KATY CLARK: Steve Coll of the New Yorker posed the question what if we fail in Afghanistan in a recent blog post. But he says first we have to actually define what failure means.
STEVE COLL: Part of the problem with this policy dilemma is that US security interests have been defined as located almost completely around al-Qaeda whereas the Taliban are also a factor in the war and maybe in Afghanistan the main factor. And so you have to decide what you think about the Taliban.
CLARK: Coll says that in his mind the primary goal of US policy in Afghanistan ought to be to prevent a second Taliban revolution there. That he says would make it very difficult for the US to achieve its objectives in this war. Coll says a second Taliban revolution would be disastrous.
COLL: We've seen this movie before. It unfolded during the 1990s. There was a long-running, low-grade civil war that never finished when 9/11 arrived. So we would go back to that war and I think we can forecast that the war would be more intense than it was because the international community is much more deeply involved in the region now than it was in the 1990s.
CLARK: Coll goes on to predict that if the Taliban were to regain control of major Afghan cities such as Kandahar or Kabul it would energize the Taliban in Pakistan. The net effect, he argues, could possibly be Pakistan's nuclear arsenal falling into the hands of Islamic extremists. There could be increased Islamist violence against India and an energized Taliban could strengthen al-Qaeda which in turn could lead to more terrorist attacks in Europe and the United States. Samina Ahmed is Southeast Asia project director with the international crisis group. She's based in Islamabad, Pakistan. Ahmed agrees that a US loss in Afghanistan could have devastating consequences.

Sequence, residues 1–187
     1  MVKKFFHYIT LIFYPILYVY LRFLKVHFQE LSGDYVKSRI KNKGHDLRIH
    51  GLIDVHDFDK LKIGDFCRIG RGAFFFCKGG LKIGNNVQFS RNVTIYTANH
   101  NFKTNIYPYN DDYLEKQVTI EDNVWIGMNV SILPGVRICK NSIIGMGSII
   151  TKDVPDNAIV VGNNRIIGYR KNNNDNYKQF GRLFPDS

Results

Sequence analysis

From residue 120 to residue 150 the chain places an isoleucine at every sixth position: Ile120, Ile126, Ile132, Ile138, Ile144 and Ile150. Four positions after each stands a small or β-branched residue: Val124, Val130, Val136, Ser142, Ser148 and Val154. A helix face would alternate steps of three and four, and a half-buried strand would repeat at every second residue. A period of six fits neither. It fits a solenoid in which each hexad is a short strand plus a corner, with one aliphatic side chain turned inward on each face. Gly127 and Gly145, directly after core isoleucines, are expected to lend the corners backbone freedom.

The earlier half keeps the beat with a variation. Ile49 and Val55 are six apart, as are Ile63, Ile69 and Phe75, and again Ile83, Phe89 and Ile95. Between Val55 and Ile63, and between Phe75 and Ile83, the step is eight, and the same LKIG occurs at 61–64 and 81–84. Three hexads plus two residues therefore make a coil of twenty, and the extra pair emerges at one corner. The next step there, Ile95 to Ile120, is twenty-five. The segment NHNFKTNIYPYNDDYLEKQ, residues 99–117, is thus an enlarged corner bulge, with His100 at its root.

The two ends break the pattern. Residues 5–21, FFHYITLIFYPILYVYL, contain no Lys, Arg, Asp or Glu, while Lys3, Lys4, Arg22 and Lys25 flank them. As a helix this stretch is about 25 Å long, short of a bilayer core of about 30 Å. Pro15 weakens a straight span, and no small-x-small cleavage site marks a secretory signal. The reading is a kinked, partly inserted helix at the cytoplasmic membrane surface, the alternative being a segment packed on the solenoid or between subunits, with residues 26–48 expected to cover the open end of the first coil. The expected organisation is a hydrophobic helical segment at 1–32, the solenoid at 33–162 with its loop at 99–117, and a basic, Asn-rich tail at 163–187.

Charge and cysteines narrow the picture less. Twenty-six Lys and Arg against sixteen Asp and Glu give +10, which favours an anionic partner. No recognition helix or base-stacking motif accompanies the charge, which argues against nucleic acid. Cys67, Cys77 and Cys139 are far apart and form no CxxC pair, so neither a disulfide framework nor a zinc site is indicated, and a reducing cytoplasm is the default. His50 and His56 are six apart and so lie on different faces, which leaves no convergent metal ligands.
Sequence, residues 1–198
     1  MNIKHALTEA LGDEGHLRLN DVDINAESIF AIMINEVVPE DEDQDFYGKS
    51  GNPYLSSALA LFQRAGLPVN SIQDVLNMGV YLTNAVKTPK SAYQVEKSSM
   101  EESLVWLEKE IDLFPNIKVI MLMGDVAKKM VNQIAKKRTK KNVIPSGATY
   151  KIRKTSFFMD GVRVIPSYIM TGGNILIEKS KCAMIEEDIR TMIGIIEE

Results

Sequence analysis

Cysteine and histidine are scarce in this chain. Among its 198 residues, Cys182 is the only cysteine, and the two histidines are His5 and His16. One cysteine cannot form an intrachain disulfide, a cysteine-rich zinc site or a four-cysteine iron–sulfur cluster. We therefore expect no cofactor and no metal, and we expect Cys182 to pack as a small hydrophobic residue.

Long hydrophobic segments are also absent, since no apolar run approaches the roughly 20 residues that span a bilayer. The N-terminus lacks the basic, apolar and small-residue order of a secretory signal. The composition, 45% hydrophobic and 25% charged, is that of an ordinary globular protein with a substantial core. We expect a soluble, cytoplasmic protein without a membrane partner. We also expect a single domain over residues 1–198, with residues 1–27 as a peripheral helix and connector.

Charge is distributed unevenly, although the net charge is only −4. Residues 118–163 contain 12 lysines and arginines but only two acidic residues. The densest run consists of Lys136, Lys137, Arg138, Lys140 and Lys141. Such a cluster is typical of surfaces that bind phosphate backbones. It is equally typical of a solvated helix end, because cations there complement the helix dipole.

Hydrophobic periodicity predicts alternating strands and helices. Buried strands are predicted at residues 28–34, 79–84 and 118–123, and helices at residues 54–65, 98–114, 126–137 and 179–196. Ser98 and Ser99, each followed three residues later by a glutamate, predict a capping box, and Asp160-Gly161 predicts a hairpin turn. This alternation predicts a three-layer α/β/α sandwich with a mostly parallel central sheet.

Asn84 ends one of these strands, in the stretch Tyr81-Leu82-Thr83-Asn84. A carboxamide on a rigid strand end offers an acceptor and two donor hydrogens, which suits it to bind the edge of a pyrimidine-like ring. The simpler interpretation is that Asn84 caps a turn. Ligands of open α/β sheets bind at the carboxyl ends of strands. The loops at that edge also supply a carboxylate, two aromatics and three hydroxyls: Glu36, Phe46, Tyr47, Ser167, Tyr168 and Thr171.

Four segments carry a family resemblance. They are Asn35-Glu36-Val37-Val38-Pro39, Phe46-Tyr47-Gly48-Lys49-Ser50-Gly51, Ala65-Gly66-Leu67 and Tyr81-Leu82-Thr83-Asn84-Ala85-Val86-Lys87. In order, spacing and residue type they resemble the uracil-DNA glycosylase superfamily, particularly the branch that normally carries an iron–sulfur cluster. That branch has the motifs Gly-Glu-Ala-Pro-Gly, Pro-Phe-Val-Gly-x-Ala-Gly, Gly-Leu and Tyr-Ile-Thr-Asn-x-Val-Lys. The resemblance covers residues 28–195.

SAMINA AHMED: You are going to create a piece of real estate that will be exploited by every bad guy in the business. So it extends beyond just the regional actors to folks who have trans-national links.
CLARK: Perhaps so says Boston University professor Andrew Bacevich. But Bacevich is more skeptical about such forecasting. He says predictions generally miss the mark and he equates them to scaremongering.
ANDREW BACEVICH: The analysis assumes that were the Taliban to prevail in Afghanistan that countries affected by the Taliban's success would have no alternative but to somehow endure a whole host of negative consequences.
CLARK: Bacevich argues that even if the Taliban were to regain power in Afghanistan the United States would still have economic and political tools at hand among other things to suppress any threat they posed. Bacevich adds that it's simply wrong to think that action or inaction on the part of the United States determines any larger trajectory of events in the world.
BACEVICH: The world is a complex place. Whatever turns out to be the fate of Afghanistan will be determined by Afghans; will be determined by a variety of other players in the region. The notion that what we do or what we don't do is necessarily decisive is completely false.
CLARK: Steve Coll is the first to admit that what he writes is largely speculative. But he maintains it doesn't take much to connect these worrisome dots and he hopes policy makers in Washington are considering all possibilities as they weigh their next move in Afghanistan. For The World this is Katy Clark.